How Iran Regime's Terrorism Overshadows Its Other Policies
European and American diplomats are convening with Iranian diplomats in Vienna to hammer out a nuclear deal. However, the center of gravity for decision-making is not in Vienna; it is in Tehran. And understanding Tehran's policy-making process proves that elusive "moderates" are small pawns serving at the command of a dictatorship in deep trouble.
US Secretary of State Antony Blinken rightly pointed out on May 4, "It's clear who the decider is in the Iranian system, and that's the supreme leader. He is the one who has to make the fundamental decisions about what Iran's approach would be."
The regime's supreme leader, Ali Khamenei, saw fit to reiterate that point earlier in May after an uproar about a leaked taped interview of the mullahs' Foreign Minister Javad Zarif. Khamenei publicly slammed his foreign minister in a televised appearance, saying that he parrots the "words of the enemy." For good measure, Khamenei added that the entire foreign ministry merely "executes" his diplomatic policies instead of "designing" them. So much for diplomacy, theocracy style.
In the leaked audiotape, Zarif had, in particular, acknowledged that he and the diplomatic apparatus under his reign were puppets of the mullahs' extra-territorial terrorist Quds Force. Further, his remarks unmasked the hideous visage of a theocracy he desperately tries to cover up with a grinning facade, particularly in Vienna.
To make matters worse, late last month, the mullahs' president, Hassan Rouhani, reiterated at a cabinet meeting that the state's most fundamental decisions and approaches, including its terrorist plots and regional meddling, are adopted at the Supreme National Security Council, which top officials attend. Khamenei then personally approves those decisions.
These comments should dispense with the spurious illusion in the West that there is a "moderate" faction carrying any weight in the regime’s internal calculations. Moreover, Tehran's "diplomats" are essentially in charge of putting up a front for the regime's destructive activities in the region and beyond.
Zarif stressed that "most of the ambassadors" and the entire "structure of the foreign ministry" are animated by fundamental security concerns for the regime. "Since its outset, our foreign ministry has addressed security matters. The agenda for the foreign ministry has been a political-security agenda," he added.
This is no surprise. In February, a court in Antwerp, Belgium, convicted a senior sitting regime diplomat for plotting to carry out a deadly terrorist operation against the Free Iran rally in June 2018, in Paris, where Maryam Rajavi, President-elect of the Iranian opposition National Council of Resistance of Iran (NCRI), was the primary target. The diplomat, who reported ultimately to Zarif, will now serve 20 years in jail after he withdrew his appeal on May 5.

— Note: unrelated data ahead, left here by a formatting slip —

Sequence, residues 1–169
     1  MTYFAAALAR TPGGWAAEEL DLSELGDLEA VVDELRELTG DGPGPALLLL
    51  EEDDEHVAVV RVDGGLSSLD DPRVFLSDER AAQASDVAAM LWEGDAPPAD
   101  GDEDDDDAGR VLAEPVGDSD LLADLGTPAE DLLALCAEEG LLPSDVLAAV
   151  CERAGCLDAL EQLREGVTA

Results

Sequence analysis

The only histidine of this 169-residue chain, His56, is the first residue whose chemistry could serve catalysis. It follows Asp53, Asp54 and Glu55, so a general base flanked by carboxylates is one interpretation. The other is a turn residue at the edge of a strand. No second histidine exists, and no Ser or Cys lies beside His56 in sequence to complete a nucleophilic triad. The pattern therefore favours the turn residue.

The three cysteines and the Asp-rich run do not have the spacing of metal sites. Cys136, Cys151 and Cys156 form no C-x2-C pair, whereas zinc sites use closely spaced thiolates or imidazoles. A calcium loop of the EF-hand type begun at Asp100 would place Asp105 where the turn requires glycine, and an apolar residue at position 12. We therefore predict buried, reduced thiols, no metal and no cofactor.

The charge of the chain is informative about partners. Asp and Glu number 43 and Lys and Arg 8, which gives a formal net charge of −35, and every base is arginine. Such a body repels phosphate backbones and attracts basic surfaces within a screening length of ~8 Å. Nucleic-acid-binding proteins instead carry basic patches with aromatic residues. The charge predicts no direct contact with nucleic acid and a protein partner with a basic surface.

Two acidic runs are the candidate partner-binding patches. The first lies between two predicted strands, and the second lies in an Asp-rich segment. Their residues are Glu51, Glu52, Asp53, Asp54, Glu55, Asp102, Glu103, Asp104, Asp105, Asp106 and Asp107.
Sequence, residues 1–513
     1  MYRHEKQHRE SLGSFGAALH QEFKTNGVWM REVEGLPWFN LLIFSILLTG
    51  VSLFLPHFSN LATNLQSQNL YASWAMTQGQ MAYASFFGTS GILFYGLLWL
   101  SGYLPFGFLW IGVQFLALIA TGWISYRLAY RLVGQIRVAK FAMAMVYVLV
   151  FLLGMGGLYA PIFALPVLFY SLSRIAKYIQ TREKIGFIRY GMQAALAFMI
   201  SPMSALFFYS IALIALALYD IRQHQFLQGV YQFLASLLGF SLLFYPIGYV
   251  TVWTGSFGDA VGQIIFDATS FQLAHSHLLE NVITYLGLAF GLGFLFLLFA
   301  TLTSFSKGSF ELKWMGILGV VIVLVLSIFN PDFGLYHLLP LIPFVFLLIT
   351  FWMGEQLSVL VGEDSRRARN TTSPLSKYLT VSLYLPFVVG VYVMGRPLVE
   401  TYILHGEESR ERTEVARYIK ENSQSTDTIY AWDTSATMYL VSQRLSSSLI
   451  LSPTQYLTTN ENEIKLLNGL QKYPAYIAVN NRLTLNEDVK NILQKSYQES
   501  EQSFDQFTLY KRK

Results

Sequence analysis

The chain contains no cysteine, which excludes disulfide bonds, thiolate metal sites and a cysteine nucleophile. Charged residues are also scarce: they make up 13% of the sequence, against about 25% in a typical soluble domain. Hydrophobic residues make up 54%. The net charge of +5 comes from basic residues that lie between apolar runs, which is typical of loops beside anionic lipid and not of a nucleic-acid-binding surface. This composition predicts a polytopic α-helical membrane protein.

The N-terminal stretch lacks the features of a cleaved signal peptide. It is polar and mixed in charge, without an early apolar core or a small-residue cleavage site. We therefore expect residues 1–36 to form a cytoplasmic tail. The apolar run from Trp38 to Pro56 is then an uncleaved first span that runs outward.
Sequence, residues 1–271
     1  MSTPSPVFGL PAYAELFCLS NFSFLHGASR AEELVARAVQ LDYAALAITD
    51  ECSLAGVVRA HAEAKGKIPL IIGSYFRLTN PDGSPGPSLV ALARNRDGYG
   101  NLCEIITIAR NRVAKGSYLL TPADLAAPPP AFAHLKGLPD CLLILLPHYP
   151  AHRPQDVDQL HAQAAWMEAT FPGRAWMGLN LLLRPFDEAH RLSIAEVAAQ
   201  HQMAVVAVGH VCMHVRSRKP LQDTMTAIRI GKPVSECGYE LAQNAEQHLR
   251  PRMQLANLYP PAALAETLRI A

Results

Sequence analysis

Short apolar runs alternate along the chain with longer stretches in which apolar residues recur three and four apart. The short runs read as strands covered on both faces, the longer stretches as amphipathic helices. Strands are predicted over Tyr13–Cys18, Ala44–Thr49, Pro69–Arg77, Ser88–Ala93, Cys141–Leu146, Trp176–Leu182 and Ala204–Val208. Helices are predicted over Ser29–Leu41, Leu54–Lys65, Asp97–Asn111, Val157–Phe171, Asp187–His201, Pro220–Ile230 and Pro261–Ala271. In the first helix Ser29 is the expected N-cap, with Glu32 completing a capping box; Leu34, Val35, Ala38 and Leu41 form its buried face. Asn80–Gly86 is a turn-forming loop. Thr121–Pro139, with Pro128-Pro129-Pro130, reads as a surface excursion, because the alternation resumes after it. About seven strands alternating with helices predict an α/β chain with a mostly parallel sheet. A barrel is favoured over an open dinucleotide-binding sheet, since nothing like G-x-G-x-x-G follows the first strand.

Based on these admissions by regime officials, it is now more apparent than ever that such terrorist decisions were made at the Supreme National Security Council, ratified by Khamenei, and executed by the Ministry of Intelligence and Zarif's "diplomatic" terrorist corps.
According to Zarif, the export of terrorism and regional meddling constitute the core of the regime's policy orientation. "The [military] theatre [where Tehran is involved in regional meddling] rules over publicity, as well as all official positions and statements. What is happening in the theatre rules over everything," Zarif says in the leaked interview.
He openly admits that during his tenure he simply carried out the directives of the former Quds Force commander, Qassem Soleimani, who was eliminated early last year. Zarif insisted that he conferred with Soleimani before his most important foreign engagements to receive proper instructions.
Soleimani's footprints can be traced in every discussion of consequence, making Zarif completely inconsequential. "If General Soleimani was not involved," Zarif recalls, "I could not get anywhere in the 2003 negotiations with the US on Iraq."
Similarly, when it comes to nuclear talks, Zarif says that Soleimani's terrorist agenda reigned supreme: "We spent a lot of the things we could have put into getting more out of the JCPOA or after the JCPOA, into furthering our work in the [military] theatre. … The politics of the theatre determined what the policy of the country should be." In other words, Zarif facilitated Soleimani's policies.
The so-called "moderates" are mere instruments used by Khamenei and the terrorist Quds Force to pursue their destructive policies. In this sense, negotiations with the theocracy are futile and lack all credibility.
The leak of Zarif's interview comes on the brink of the sham presidential elections scheduled for later in June. The internal feuds that have ensued unmask a weakening regime in deep crisis and grappling with widespread social discontent. While Khamenei is keen to exploit this situation to purge his rivals, that could lead to major popular upheavals beyond his control.